The government transferred Genji, along with hundreds of other issei, to Lordsburg, a U.S. Army internment camp in New Mexico. Genji arrived in June of 1942 and internees again elected him camp mayor. Though the authorities heavily censored all correspondence, Genji managed to create a vivid picture of life in camp. During this period, his letters became more expressive, highlighting his talent as a poet and artist.

"Now I hear a phonograph record playing in a neighboring barrack. What a sweet feminine voice. It is so charming and fascinating. 'It's so reminiscent,' says a friend near mine, 'It reminds me of Sixth Ave. & Main St.' I look up at the moon through the window, the record is still playing. A quiet night" (October 31, 1942).

Genji was one of the leaders who protested the poor labor conditions in Lordsburg as violations of the Geneva Convention. In retaliation, camp commander Lt. Col. Lundy threatened the internees and arrested Genji and two other camp mayors, isolating them to an unused barrack. Internees refused to work until their complaints were heard. On August 10, 1942, after weeks of protest, the Spanish consul and representatives from the State Department came to investigate and Lundy released the three mayors.1 Because of censorship, none of this appeared in Genji's letters. The only clue is a three week gap in his writing.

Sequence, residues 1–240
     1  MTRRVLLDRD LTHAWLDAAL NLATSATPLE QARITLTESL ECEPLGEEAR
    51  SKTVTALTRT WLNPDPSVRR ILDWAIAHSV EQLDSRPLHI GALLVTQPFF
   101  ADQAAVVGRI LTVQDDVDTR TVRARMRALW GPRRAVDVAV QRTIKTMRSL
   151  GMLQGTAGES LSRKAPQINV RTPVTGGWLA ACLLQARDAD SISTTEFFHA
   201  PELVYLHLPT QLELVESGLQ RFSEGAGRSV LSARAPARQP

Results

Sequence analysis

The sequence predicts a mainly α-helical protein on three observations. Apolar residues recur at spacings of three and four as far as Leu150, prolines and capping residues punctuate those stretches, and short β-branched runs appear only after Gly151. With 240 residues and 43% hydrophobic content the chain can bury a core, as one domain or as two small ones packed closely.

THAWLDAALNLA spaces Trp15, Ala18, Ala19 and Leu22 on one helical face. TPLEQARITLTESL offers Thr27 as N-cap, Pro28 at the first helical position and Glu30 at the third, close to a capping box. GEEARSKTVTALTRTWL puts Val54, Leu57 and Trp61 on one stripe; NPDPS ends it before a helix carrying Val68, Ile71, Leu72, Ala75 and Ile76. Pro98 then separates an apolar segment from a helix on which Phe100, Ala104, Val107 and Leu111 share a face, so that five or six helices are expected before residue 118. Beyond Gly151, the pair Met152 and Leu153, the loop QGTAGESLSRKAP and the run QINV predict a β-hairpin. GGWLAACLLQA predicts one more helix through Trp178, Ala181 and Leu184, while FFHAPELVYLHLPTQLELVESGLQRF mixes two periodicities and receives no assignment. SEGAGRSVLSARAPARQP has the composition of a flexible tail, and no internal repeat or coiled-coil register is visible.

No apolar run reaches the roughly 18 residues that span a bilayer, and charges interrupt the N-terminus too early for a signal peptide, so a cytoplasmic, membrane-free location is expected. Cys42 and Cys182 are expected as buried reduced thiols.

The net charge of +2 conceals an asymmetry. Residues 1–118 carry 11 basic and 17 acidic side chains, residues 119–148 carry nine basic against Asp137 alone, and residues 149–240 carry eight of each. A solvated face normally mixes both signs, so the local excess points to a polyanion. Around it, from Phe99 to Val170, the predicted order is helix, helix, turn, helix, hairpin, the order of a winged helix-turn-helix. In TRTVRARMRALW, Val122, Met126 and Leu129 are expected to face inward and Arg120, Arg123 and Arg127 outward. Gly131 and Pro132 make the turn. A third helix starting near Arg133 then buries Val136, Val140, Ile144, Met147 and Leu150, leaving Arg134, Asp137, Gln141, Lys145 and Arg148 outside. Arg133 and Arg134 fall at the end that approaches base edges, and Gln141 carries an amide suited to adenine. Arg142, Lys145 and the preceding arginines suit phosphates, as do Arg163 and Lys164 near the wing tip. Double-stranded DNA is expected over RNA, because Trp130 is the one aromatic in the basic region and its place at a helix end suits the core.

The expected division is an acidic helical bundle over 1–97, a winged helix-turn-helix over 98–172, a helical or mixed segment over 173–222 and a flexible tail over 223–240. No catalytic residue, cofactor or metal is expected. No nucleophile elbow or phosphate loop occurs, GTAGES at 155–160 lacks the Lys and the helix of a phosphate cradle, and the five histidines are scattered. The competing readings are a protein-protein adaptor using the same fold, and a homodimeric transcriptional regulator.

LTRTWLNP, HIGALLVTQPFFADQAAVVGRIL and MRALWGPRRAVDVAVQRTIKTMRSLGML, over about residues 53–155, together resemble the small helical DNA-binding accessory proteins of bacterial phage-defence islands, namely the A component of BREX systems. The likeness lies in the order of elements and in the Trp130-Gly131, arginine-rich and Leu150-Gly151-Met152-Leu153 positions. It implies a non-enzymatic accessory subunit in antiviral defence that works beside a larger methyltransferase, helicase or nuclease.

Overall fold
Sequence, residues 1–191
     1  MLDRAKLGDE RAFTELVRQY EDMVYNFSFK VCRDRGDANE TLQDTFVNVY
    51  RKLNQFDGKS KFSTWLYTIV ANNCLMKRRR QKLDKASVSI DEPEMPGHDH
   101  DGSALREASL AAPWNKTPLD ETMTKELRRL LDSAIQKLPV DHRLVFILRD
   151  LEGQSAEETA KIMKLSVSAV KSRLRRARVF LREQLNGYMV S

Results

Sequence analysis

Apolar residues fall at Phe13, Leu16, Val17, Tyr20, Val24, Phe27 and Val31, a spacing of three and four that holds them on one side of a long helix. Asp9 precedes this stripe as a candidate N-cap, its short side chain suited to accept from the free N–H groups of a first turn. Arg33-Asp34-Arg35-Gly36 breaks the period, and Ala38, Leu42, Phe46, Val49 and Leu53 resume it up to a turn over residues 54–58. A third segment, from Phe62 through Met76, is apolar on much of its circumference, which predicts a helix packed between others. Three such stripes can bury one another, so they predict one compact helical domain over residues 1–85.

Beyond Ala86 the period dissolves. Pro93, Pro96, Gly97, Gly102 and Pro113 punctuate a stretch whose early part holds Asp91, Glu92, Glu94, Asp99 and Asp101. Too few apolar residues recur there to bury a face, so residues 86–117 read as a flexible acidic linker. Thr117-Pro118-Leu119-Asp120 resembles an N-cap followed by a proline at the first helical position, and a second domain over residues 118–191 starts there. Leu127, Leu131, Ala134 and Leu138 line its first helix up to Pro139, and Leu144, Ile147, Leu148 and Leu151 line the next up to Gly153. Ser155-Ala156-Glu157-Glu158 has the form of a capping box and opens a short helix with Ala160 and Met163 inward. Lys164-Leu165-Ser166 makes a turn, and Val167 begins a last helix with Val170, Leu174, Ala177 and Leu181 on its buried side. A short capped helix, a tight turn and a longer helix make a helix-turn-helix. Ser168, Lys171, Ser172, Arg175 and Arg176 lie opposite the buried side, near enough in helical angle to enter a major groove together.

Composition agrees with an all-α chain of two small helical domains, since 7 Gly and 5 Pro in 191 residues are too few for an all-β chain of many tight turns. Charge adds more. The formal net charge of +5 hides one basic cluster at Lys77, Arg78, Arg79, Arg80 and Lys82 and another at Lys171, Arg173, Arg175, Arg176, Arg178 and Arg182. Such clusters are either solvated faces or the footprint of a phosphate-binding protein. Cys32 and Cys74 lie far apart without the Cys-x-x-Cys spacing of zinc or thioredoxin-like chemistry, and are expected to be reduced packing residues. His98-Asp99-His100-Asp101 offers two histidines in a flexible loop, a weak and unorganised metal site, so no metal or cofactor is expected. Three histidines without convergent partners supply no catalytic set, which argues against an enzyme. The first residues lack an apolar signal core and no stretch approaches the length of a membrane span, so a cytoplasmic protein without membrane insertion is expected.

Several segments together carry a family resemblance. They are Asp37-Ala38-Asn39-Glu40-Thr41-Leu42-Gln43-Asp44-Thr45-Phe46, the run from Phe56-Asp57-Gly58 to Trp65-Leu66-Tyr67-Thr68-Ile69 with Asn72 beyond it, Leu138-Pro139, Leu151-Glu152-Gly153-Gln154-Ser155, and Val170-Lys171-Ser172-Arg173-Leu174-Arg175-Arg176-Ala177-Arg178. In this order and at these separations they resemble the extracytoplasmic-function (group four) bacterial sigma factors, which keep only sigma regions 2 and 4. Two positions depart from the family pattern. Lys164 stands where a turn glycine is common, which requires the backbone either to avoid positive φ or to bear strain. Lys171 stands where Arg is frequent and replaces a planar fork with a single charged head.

As the months passed, Genji became consumed with the idea of reuniting with his family. His son, Arthur, married a woman he met in camp. Genji could not attend the wedding. Rumors of a family camp in Texas circulated, prompting Genji to investigate the application process for what was later known as Crystal City. The issue of repatriation also surfaced, which was especially troubling to Genji and Katsuno.

"As you know you I permanent living this country with our three boys who is born in U.S.A. Our George wrote me last week from Robinson "THE ARMY LIFE IS SWELL." No doubt, this is our country. Why we should leave to. NO! We have no intention to leave" (November 2, 1942).

The letters stop in March 1943 when Genji was "paroled" to Minidoka incarceration camp, Idaho. Although reunited with his wife, one of his sons was already married and the other two had left for the army. It would be years before they were all finally together.

Genji Mihara's writing gives us a rare glimpse into the experience and perspective of one issei man during WWII. Beautifully written, the letters are compelling in their honesty and passion, reflecting one man's struggle to maintain a sense of identity, family and community in the face of overwhelming barriers.

"Happiness is what we make of it ourselves. Remember that it is not conditioned by our surroundings. We know all that real happiness when love each other and build a sweet happy home darling!" (March 3, 1943).

1. Kashima, Tetsuden, Judgment Without Trial: Japanese American Imprisonment during World War II (Seattle: University of Washington Press, 2003), pp. 197-201. [ link ]

Note: The Genji Mihara letters are available in the Densho Digital Archive.